What happened to identity?
Guest blogger graphic designer Patrick Argent looks at three ‘truly outstanding’ identities and wonders why they were ever replaced.
Considering the various recent branding debates, one notable aspect in recent years is the seemingly incomprehensible abandonment of truly outstanding logos which are then superseded by what can only be described as monumentally dull, utilitarian sticks of type.
What is behind this bizarre affection for the boring, the banal and the sterile?
Prime examples of this have been:
The Royal Armouries Museum Leeds identity by Minale Tattersfield.
How was the museum persuaded to ditch the Henry VIII horned helmet marque? Minale’s design not only had power, exuberance, instant memorability, and immediate relevance to the museum’s superlative collection, but it also formed the basis of a highly distinctive signage programme which gave the institution a unique and robust visual presence.
Sadly, the logo has been reduced to something of a casual marketing afterthought (represented now in a rather disparaging way only as a silhouette), leaving the museum’s graphics and signage a visual confusion for the visitor.
The National Grid logo by John McConnell (Pentagram)
John McConnell’s timeless solution possessed all the hallmarks of powerful identity design. It concisely and sharply expressed the very nature of the organisation in a serious, authoritative yet visually dynamic way. It’s contemporary counterpart is only remarkable by its bleak drabness offering little or no level of recognition.
London Transport Museum identity by Minale Tattersfield.
The former LTM logo was an exceptionally brilliant execution of design thinking. Simple, economic yet loaded with real content and meaning. It succinctly communicated the museum’s very raison d’etre, the telling of the story of the history of transport, in a highly original, engaging and powerful way.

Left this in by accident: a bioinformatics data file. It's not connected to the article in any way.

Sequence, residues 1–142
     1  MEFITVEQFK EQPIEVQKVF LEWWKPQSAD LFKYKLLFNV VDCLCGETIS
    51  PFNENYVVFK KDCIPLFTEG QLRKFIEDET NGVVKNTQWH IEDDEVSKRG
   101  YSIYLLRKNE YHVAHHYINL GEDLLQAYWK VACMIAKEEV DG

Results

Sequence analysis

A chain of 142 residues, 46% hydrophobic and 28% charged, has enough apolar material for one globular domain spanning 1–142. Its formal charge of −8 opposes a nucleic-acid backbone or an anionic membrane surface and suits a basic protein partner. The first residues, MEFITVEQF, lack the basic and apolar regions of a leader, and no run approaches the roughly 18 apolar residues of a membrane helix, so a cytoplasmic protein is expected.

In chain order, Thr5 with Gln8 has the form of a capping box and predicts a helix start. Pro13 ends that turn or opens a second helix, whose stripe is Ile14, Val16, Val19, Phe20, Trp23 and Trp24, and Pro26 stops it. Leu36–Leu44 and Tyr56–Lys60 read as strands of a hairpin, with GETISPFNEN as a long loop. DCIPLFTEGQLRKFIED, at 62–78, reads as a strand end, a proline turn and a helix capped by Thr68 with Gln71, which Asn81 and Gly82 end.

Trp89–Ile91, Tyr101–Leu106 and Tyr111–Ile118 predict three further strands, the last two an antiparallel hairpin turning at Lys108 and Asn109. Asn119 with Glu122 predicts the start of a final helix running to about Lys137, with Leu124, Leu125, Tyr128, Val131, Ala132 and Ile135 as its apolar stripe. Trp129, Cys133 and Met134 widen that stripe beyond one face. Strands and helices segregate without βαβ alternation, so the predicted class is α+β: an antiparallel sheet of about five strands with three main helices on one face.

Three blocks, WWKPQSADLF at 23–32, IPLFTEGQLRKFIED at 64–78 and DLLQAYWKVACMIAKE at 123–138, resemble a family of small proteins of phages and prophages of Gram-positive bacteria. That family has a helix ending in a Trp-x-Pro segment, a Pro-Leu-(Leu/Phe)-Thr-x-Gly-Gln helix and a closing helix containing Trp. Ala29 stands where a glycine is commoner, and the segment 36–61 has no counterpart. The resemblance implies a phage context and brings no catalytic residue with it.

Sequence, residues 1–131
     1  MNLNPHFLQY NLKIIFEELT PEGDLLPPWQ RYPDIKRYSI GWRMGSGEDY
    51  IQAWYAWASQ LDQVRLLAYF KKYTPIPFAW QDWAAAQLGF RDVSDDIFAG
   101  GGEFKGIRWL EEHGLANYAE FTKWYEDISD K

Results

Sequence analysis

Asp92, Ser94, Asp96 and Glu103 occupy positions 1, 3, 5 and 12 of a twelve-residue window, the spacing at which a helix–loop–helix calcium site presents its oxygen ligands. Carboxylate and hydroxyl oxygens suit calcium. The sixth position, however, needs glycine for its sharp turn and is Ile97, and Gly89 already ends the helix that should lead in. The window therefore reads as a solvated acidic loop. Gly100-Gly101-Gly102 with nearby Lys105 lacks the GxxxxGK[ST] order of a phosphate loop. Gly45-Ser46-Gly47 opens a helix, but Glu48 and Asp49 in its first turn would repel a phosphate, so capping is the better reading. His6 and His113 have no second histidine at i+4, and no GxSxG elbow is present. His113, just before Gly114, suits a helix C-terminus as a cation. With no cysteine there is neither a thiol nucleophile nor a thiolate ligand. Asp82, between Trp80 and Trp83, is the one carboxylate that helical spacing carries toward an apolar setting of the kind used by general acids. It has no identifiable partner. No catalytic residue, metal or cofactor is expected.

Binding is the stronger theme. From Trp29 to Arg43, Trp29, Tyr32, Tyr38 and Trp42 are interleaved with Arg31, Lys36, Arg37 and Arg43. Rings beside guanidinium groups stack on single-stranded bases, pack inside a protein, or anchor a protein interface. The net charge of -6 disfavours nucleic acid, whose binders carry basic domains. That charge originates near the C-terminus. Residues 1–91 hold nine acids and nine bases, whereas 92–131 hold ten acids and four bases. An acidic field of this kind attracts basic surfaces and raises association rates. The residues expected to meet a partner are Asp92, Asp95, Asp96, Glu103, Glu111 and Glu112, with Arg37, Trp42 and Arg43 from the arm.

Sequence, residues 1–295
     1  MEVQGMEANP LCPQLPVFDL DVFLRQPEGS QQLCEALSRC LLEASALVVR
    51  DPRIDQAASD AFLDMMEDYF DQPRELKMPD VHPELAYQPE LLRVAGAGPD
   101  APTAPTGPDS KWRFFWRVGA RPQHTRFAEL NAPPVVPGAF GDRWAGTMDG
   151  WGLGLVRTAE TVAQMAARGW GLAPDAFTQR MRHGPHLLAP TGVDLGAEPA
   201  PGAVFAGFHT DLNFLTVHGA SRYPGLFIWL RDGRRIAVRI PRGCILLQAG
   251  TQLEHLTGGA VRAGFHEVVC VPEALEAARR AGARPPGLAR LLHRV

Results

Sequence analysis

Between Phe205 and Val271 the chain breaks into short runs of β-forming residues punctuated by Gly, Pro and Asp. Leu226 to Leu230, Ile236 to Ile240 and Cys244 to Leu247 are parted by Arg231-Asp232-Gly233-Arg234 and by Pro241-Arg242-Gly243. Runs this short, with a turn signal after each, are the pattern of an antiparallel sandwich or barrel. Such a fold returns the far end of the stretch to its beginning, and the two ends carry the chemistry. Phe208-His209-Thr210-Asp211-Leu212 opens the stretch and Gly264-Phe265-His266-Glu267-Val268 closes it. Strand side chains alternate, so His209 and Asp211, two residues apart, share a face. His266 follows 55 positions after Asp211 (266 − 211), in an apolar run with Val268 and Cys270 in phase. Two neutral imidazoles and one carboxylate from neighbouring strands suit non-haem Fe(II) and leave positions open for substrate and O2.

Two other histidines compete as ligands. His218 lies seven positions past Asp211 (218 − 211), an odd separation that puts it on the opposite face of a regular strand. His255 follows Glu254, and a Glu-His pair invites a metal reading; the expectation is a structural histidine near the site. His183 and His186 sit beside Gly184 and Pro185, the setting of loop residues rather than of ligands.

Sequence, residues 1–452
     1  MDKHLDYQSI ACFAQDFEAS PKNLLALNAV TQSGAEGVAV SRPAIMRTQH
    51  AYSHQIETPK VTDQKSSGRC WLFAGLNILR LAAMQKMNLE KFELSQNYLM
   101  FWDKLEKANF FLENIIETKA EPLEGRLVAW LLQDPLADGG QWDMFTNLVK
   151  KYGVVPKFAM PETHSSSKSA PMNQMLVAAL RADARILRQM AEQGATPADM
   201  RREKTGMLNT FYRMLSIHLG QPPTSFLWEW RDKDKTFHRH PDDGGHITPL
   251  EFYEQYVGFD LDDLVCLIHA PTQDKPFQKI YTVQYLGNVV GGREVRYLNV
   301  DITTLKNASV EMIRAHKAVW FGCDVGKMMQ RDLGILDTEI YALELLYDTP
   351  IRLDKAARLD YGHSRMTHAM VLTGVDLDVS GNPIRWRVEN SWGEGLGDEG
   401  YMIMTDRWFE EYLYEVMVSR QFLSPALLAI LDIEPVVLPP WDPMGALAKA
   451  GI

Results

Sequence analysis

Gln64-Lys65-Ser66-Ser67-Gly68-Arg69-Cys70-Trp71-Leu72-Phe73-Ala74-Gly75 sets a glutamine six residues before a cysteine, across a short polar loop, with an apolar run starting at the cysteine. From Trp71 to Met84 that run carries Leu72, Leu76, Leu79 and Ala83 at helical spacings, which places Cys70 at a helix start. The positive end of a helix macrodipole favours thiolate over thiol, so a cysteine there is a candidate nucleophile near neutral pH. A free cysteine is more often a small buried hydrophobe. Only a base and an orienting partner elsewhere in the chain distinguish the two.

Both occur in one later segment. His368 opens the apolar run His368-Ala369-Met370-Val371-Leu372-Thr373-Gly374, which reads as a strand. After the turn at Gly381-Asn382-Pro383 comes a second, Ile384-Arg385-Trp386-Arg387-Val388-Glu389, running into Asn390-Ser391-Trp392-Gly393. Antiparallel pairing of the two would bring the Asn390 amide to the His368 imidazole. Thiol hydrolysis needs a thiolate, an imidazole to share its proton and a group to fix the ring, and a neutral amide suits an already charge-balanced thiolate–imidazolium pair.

As with the Royal Armouries, the logo was the foundation of a singular and expressive signage system which had a idiosyncratic visual character perfectly in tune with the development timeline of the museum’s collection. The current ’branding solution’ is nothing more than an anonymous offshoot of the LT roundel.
All of these identities had exactly that - identity.
Is this move towards a bland and standardised uniformity, a reflection of insecurity by the clients or marketing managers? Is it that their previous logo, no matter how compelling, became a helpless victim of the expediency of a transient vogue in design?
Why would any client abandon as an irrelevance its existing world-class logo, then pay for the development of a replacement that is meaningless and wholly inferior, then additionally have to pay for the costs of the implementation of that inferior substitute. It is a self-defeating triple negative.
What so often actually replaces these great logos, possesses virtually no aesthetic, intellectual or expressive ambition, it is a form of deadening, functionalist graphic design produced in a vacuum. The sheer dreariness and mediocrity of many of these branding solutions reflects an approach of how to design in a comprehensively unimaginative and vacuous way. Even a non-designer could achieve that.
It seems that in graphics, new variations of the emperor’s new clothes never seem to go out of fashion.